Custodians and fund administrators are increasingly being asked by asset managers to have greater involvement in the front-office, as more firms look to expand into the exchange traded fund (ETF) market and explore new product structures.
Assets under management in ETFs have surged to nearly $9 trillion, as of the end of April 2021, following a dramatic rise in popularity in new innovative products focusing on everything from ESG to Bitcoin.
A growing number of asset managers are also converting mutual funds into actively managed ETFs, while interest in non-transparent ETFs has taken off following their introduction last year.
In day two of Global Custodian’s Leaders in Custody Week, industry experts explained how ETF servicers – including fund administrators and custodians – are filling an important role in consulting and educating asset managers to migrate and launch these products, in addition to their traditional back-office functions.
“If it is for an existing ETF issuer or a new institution looking to get into this space, they need guidance around how they can optimise their front-to-back-office model,” said Jeff McCarthy, global segment head, ETFs, BNY Mellon.
“What we will engage in is being that consultant to understand all of the impacts if you launch an ETF and the differences involved on the capital markets side, and building that infrastructure is what we identify is one of the most important things a traditional asset manager needs a plan around.”
Custodians and fund administrators have become increasingly vital for new entrants to the space as they educate them on the key differences between a mutual fund and an ETF.
As innovation in the ETF industry continues to accelerate, panellists agreed asset managers are increasingly relying on their providers to support their capital markets desks, to respond to both regulatory and market structure changes, and how they can manage their ETFs alongside their mutual fund ranges.
“We see it as a partnership with our custodian and fund administrator, in the same way we see a partnership with our index providers,” highlighted Juergen Blumberg, head of ETF product and capital markets, EMEA, Goldman Sachs Asset Management.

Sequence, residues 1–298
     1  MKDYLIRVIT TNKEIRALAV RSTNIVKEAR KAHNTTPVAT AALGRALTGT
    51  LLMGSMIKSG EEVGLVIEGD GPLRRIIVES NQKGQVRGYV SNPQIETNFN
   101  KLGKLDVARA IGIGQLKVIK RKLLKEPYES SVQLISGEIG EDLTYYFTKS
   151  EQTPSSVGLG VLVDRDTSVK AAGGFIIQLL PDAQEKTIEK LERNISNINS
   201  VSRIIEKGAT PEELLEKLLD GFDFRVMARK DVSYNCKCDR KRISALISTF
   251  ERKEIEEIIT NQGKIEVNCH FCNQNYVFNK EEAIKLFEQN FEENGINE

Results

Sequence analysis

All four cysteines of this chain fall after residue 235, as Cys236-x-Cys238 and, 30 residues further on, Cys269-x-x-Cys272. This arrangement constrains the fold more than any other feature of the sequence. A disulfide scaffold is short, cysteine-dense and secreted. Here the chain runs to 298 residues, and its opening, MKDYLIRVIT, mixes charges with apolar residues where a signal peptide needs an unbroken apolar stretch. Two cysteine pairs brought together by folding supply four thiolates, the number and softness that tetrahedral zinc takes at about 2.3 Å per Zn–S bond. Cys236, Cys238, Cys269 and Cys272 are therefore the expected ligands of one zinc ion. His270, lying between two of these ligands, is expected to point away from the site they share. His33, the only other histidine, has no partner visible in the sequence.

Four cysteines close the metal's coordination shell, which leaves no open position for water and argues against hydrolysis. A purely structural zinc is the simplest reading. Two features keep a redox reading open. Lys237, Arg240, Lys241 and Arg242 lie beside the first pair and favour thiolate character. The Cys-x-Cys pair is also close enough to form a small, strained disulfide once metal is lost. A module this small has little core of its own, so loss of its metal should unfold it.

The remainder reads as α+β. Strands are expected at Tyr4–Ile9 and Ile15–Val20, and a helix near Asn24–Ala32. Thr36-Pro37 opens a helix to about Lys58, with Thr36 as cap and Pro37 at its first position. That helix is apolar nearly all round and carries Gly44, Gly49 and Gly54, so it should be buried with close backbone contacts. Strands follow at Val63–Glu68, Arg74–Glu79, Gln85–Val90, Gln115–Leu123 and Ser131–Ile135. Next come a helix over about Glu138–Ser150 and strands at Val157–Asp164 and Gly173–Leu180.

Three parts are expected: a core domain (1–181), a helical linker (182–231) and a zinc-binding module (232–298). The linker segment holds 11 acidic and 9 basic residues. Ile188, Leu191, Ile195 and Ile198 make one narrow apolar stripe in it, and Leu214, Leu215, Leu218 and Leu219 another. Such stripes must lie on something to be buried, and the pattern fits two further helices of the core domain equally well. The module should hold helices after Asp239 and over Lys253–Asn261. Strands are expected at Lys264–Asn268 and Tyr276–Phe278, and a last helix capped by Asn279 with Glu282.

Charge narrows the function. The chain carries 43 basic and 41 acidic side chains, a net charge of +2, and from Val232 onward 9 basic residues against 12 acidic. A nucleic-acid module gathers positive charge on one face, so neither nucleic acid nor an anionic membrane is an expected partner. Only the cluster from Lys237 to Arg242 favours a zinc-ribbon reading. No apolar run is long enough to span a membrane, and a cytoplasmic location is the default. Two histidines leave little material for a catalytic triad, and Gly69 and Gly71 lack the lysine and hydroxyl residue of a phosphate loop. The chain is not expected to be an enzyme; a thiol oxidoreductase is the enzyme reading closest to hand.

“There is so much innovation in the ETF space, and the industry is still not on the same standard, there is a lot of room to out-perform if you design a process that can serve parts of the ecosystem better, and how they can lower the trading costs as much as possible. There are a lot of things to do differently and gain an advantage.”
Furthermore, for those firms that are expanding into new structures such as active and semi-transparent ETFs, service providers face new technology challenges to co-develop an operating model alongside their asset manager clients.
“What we are doing long in advance of these products being approved is making sure that we are prepared to support them, have a workflow established and an operating model in place so as soon as they are approved, and that our clients are able to launch them seamlessly,” added Peggy Vena, director, ETF product development, Citi.
“This involves a lot of testing. For example, we will run the fund behind the scenes as if it was live such as testing the NAV [net asset value] and the creation/redemption order process in a test environment.
“What we are looking to do is the heavy lifting for them and making it a normalised experience, enabling them to run the ETF alongside their existing funds without a major technology lift.”